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The App I Can’t Live Without

We all have an app or a mobile service we can’t live without. Or would rather not to at least. For me, it’s Swiftkey, the fast typing app that saves hours over the course of a year in composing emails and texts. So as we head into the Christmas break, we thought it would be fun to reach out to some of our friends in the mobile marketing industry and ask them for the app they can’t live without, the only caveat being that they could not choose their own company’s app. Read on to see if you agree with their choices, and feel free to leave us a comment to tell us about your own must-have app.

SkygoNeil Swanston, senior manager, mobile, British Gas – Sky Go
It is said that opposites attract, and that is certainly true of my wife and I. We both love films, but our tastes are very, very different. Thankfully, those clever folk at Isleworth created Sky Go. This marvellous little app lets me download and watch the films that Mrs Swanston simply can’t stand, thus maintaining a happy and tranquil home.

It also happens to be the app which keeps me sane on traumatic train journeys, and keeps my daughter entertained on those tedious long car journeys. You might say that Sky Go is the app that keeps my family together.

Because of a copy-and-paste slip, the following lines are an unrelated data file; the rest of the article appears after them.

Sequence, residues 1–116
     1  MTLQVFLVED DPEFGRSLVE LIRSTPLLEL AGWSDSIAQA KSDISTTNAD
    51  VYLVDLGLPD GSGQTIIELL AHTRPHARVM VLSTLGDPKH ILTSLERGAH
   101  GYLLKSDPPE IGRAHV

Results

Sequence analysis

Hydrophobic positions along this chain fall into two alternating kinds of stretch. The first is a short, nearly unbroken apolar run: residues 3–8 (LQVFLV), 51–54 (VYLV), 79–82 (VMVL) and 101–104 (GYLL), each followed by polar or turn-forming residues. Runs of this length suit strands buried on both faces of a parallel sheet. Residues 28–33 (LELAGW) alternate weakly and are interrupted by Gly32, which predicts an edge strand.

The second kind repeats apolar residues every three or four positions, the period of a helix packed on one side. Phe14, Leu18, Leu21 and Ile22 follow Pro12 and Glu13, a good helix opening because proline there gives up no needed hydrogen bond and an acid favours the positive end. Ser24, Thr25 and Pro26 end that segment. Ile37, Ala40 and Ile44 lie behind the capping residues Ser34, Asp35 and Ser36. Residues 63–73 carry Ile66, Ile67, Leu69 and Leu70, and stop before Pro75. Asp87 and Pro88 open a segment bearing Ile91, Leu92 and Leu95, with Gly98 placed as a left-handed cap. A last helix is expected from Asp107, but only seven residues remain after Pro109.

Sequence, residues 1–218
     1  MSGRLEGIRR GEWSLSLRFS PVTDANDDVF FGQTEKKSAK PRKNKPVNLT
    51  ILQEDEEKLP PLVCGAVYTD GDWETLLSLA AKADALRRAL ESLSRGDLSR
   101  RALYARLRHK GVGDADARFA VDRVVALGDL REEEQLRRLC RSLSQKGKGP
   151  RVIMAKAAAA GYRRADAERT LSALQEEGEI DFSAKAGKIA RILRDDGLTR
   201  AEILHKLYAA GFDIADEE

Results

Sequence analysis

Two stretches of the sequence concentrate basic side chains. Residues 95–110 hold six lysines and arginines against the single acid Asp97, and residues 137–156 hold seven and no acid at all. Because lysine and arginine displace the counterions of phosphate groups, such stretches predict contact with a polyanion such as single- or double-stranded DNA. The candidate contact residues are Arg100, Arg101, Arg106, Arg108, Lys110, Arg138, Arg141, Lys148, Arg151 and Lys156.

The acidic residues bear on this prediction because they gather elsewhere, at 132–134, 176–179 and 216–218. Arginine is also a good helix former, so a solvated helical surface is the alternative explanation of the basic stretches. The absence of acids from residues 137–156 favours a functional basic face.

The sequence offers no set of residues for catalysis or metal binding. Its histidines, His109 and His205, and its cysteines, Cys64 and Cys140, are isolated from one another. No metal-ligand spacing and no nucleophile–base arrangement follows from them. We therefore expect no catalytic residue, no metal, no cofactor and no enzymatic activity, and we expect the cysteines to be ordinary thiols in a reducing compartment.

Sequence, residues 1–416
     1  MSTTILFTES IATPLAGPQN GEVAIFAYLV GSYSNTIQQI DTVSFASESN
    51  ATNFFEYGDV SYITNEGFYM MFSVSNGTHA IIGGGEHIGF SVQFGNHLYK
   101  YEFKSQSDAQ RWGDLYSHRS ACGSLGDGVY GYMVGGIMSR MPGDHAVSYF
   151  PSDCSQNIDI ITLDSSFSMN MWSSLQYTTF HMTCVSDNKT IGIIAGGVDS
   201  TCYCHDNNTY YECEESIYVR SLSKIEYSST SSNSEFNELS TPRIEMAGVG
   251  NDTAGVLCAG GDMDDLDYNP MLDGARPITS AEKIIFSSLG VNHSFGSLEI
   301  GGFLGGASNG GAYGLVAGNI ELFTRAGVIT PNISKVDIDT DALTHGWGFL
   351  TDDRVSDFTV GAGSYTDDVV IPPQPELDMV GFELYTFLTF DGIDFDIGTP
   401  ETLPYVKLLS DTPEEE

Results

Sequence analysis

Twitter Dara NasrDara Nasr, head of sales, UK, Twitter – Jawbone UP
I track my activity and sleep on my UP wristband and attach it to my phone to display the results. It’s easy, visually strong and very informative. You can see how your friends are getting along and link up other apps such as Runkeeper and Withings. The main reason I love it though is that, since having kids, I’m obsessed with the concept of sleep, and in particular deep sleep. I am far more gutted if my deep sleep percentage is low than I am if I’ve had a lazy day.

WhatsappRic Cohen, senior product manager, mobile payments, Barclays – WhatsApp
I love WhatsApp because it makes it easy for me to communicate with friends and family. It’s taken a service that people thought they were satisfied with (text messaging), and improved it via easier and richer functionality.

Tesco Mark CodyMark Cody, senior marketing manager, mobile, Tesco – ZITE
The app I can’t live without is ZITE. It’s my pocket companion that allows me to stay up to date on everything I’m interested in. It is really well designed and has an easy to use interface. It just oozes quality and encourages some great thumb action as you move around the sections. It provides a simple way for me to share stories with my team or across social networks and allows me to discover stories that I would not have seen before. I love it and recommend it to anyone who wants to stay one step ahead.